models have to be fitted to each location separately. In the current case

The motivation behind SAMOS is that with many locations and/or for operational use fitting many models might become computationally expensive. However, one single NGR-like regression model can be fitted to all locations at once when in a first step all site-specific characteristics are (nearly) eliminated from observations and ensemble data. The model is fitted not to the direct values, but rather to standardized anomalies formed by subtracting the respective climatological mean and dividing by the climatological standard deviation. This SAMOS approach is described in

Here, we estimate the climatological properties of the observations with a
GAM(LSS); for the expected value as

The pressure levels of the observational radiosondes and the EPS data are not the same. We linearly interpolated the spatially better resolved observations to the pressure levels of the EPS data (see Sect.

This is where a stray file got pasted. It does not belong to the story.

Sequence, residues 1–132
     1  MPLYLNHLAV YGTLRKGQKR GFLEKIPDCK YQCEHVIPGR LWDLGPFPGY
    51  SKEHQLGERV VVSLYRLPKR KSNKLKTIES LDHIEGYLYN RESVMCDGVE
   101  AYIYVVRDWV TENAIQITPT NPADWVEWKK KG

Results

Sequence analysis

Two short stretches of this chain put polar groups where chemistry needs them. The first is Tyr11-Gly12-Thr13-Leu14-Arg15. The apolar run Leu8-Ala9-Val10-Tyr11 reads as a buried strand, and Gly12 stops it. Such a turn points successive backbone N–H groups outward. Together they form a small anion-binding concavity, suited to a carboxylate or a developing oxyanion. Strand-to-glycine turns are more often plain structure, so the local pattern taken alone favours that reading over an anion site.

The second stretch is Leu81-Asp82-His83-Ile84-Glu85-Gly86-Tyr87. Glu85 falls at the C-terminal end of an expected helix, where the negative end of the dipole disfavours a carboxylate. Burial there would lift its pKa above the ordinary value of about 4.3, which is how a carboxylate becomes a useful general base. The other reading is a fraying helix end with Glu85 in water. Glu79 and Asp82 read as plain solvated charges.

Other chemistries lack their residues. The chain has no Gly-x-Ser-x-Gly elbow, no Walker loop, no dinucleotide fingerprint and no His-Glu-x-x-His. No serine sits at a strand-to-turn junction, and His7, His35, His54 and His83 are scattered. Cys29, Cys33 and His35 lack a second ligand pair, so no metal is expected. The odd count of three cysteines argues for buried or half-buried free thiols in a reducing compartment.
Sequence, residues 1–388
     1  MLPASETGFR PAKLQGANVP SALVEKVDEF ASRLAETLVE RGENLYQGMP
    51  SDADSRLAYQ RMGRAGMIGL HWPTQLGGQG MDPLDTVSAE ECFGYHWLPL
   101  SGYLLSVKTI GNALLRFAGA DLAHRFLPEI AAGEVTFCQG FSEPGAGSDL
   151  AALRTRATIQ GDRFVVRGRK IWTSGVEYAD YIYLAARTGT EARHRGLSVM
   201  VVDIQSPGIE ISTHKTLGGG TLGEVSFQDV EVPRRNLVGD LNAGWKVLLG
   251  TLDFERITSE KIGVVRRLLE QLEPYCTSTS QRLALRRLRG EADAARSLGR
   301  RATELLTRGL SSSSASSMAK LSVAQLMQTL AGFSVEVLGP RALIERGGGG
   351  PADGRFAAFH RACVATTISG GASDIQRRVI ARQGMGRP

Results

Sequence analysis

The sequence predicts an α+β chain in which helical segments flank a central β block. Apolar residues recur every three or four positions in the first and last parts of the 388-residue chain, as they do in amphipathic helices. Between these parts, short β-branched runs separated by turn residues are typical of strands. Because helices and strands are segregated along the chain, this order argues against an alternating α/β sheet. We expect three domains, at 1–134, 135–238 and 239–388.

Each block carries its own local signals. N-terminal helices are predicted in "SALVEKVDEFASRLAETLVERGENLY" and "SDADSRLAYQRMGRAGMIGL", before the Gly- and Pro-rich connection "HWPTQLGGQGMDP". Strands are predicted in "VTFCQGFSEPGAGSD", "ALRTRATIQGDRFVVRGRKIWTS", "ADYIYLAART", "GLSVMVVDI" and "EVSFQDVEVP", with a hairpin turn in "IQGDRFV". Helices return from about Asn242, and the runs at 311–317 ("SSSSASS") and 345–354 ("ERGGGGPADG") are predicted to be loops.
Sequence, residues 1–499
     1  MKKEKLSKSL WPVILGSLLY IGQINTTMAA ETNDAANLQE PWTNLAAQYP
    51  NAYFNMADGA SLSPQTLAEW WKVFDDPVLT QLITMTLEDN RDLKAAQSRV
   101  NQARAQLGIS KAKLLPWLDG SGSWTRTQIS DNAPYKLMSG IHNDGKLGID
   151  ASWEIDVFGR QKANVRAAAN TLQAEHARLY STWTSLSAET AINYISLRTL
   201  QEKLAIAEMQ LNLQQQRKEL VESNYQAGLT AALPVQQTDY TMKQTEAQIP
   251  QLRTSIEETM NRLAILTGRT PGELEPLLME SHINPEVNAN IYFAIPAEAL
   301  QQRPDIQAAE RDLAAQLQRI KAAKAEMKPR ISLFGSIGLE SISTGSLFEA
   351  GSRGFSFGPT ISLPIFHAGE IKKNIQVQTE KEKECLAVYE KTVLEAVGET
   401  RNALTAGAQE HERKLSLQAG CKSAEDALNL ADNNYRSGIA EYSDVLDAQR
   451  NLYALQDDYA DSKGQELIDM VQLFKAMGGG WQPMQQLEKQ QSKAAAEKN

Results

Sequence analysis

Both NGRVC (Sect.

The ECC procedure consists of three steps.

Sample quantiles from the predicted marginal distributions.

Access the rank structure of the raw ensemble.

Arrange the quantiles from step 1 with the ranks of step 2.

In step 1 temperature quantiles have to be sampled from the
univariate distributions obtained by either NGRVC (Sect.

ECC-Q transforms

ECC-R draws samples randomly from the predictive distribution.

ECC-T first fits a Gaussian distribution to the raw ensemble and then
evaluates this cumulative distribution function (cdf) at the values of the raw ensemble leading to

The second step is to access the ranks of the raw ensemble temperatures for each level: the ensemble member with the lowest temperature gets rank

The final step of the ECC procedure takes the quantiles from step one and
arranges them using the ranks of step two. For instance, the lowest temperature within the quantiles of step one will be associated with the member that has rank